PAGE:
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Taking AR innovation to South Korea

Written by Amerdeep Mangat on 28 May 2019

“Beyond anything we imagined” - how a Staffordshire e-learning startup's AR expertise is providing mental health support in South Korea

Without the help of EEN and Innovate UK we would never have been able to travel to South Korea and meet so many high-level government officials and organisations

Suzanne Edwards, director and owner, Enlighten

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Meditating by VR

© Getty Images

It’s been named the most innovative company in the Midlands and is working with charities, universities, businesses and the Armed Forces. And, after taking part in a Global Business Innovation Programme (GBIP) visit to South Korea in 2018, Tamworth-based Enlighten is helping to create South Korea’s mental health strategy.

 

Originally started as an edtech company, Enlighten quickly found its calling in augmented reality (AR). “We thought that AR would be a slow burn but our main income stream is now from augmented reality,” says founder Suzanne Edwards.

 

Earlier this year, Enlighten won the Midlands Tech 50 award after impressing stakeholders, judges and the general public with the use of their AR apps and technologies to tackle mental health problems.

 

Learning about the South Korea opportunity


In 2018, Enlighten accompanied a cohort of companies to take part in a Global Business Innovation Programme (GBIP) visit to South Korea, organised by EEN to help innovative UK SMEs working in areas such as VR and AR to exploit the growing opportunities in South Korea.


During the visit, Enlighten learned that South Korea was in the grip of a mental health crisis and was looking at innovative ways to tackle the problem. Its extensive 5G networks and high levels of smartphone usage meant that Enlighten’s AR phone-based mental health resources were suited for the needs of South Koreans.


As a direct result of this programme, Enlighten has been invited by the local government of Gyeonggi province (with a population of 12.3m) to support its suicide prevention strategy.

 

One of the solutions that the Gyeonggi government has been exploring is to build a pilot suicide prevention centre within the city of Pyeongtaek BIX, a new smart city in Gyeonggi Province. Gyeonggi is the most densely populated region in South Korea and major centre for technologically advanced industries, while the city of Pyeongtaek has a population of over 400,000 people.

 

“The mental health suicide prevention centres are a huge undertaking. We’re looking to start work on it in January,” says Edwards. With South Korea having the highest rate of deaths by suicide in the developed world, this is certainly a huge challenge.

 

Making a EUREKA Eurostars bid

 

In order to help kick start this project, the EEN West Midlands team has been helping Enlighten with a bid for £1.9m in funding from the EUREKA Eurostars funding programme for the Pyeongtaek project. If successful, the company aims to create up to four new jobs within the next few months - in addition to the six existing employees.

 

Since the GBIP, Enlighten has hosted a delegation nine officials from the Gyeonggi regional government, introducing them to business, education and local government leaders in the West Midlands.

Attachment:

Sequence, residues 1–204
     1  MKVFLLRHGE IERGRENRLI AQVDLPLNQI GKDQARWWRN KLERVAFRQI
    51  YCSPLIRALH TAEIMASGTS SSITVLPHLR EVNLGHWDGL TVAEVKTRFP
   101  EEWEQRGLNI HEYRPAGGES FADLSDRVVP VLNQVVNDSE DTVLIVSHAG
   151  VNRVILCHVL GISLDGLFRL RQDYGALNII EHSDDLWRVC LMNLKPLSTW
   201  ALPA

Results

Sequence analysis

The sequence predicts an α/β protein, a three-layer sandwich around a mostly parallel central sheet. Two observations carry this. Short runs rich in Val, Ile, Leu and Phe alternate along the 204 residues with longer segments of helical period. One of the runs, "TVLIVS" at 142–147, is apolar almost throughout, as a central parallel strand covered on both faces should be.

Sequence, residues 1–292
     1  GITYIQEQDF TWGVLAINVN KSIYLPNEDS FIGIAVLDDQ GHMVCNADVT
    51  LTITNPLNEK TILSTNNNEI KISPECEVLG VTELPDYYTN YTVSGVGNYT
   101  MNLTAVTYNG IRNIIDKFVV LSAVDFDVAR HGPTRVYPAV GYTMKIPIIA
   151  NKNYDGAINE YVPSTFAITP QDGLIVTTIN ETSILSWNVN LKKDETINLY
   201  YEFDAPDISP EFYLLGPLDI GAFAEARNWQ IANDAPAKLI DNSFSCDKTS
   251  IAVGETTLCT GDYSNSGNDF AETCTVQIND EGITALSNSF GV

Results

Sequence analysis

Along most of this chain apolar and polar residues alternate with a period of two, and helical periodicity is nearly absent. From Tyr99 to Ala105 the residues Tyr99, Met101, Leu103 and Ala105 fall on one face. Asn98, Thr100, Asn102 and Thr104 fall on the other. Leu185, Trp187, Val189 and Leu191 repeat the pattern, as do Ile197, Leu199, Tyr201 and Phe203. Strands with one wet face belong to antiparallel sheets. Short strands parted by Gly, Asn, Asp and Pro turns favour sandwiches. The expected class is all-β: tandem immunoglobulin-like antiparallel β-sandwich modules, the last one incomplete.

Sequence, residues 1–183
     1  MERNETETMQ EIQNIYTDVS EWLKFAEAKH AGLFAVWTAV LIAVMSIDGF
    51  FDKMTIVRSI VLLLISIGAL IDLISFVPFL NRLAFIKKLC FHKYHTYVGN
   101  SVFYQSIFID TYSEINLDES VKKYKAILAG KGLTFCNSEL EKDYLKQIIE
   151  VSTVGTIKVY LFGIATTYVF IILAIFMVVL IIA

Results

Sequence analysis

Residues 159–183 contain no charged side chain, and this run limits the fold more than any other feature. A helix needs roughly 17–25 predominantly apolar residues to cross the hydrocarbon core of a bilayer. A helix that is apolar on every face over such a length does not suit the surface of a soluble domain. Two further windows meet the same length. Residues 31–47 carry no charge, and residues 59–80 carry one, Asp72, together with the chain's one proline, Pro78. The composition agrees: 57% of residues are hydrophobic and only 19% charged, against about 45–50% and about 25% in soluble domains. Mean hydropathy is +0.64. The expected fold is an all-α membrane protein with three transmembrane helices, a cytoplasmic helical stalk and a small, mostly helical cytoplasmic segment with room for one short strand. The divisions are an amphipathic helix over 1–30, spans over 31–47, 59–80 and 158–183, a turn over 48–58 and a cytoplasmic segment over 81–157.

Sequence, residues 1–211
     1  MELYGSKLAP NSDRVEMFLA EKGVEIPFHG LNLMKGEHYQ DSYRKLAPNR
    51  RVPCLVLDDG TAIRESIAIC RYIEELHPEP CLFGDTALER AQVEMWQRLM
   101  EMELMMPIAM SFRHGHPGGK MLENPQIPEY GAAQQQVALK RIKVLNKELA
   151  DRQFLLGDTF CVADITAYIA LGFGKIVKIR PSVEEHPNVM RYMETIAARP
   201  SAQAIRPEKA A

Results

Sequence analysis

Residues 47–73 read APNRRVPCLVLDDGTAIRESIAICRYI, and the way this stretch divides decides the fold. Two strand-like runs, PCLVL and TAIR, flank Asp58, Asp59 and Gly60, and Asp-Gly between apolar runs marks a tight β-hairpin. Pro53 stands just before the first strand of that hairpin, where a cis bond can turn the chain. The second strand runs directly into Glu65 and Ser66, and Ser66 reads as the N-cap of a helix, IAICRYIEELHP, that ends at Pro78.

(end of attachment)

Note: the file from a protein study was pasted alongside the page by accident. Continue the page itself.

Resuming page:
“Migrating 200,000 people into a new city is likely to increase feelings of isolation that may lead to depression, anxiety or other mental illnesses, yet suicide is still highly stigmatised in the country so people find it hard to talk about,” explains Edwards.


 
“We’re developing content and an AR platform that residents will be able to access via their smartphones when they move to the city. This interactive resource will provide mental health support alongside general city information.”

 

Enlighten has signed a memorandum of understanding with South Korean company Naviworks to deliver the project, who have a 19-year history supplying virtual reality training tools and systems for defence, police and security services worldwide. They are Enlighten’s partner for the Eureka project.

 

“We have introduced AR solutions into local colleges, worked with armed forces and are part of the West Midlands Smart City Alliance, but the South Korean interest is beyond anything we imagined,” says Edwards.

 

AR as a tool to support mental health

 

One in four people in the world will be affected by mental health issues at some point in their lives. Enlighten want to reduce the stigma of this as well as using AR as a force for good.

 

Following the global success of Enlighten’s World Mental Health Day campaign that partnered with Rethink Mental Illness using BBC Three resources, A follow-up campaign released on International Men’s day encouraged men to talk about their problems and offered instant access to support materials and crisis support lines should they have suicidal thoughts; all conducted through AR tools.
This campaign aims to both reduce stigma around suicide and also provide help and support when it is most needed.


 
“AR can help in two ways, teachers and health professionals can use it to identify people who are at risk of suicide, and can also help people who might be feeling suicidal,” says Edwards.
 


“Traditionally, 16 to 24-year old males have been the hardest to reach but our research shows that, because they’re more comfortable using new technology, they’re more likely to access content in this way.”

 

A growing global market


The global market for VR and AR is predicted to be worth $120bn by 2020, with AR accounting for 70 per cent of the total. That is quite a number of augmented reality business opportunities to be developed. 


 
“We know we’re in the right place to harness this emerging technology,” said Edwards. “We can’t thank the EEN team enough for believing in our potential.”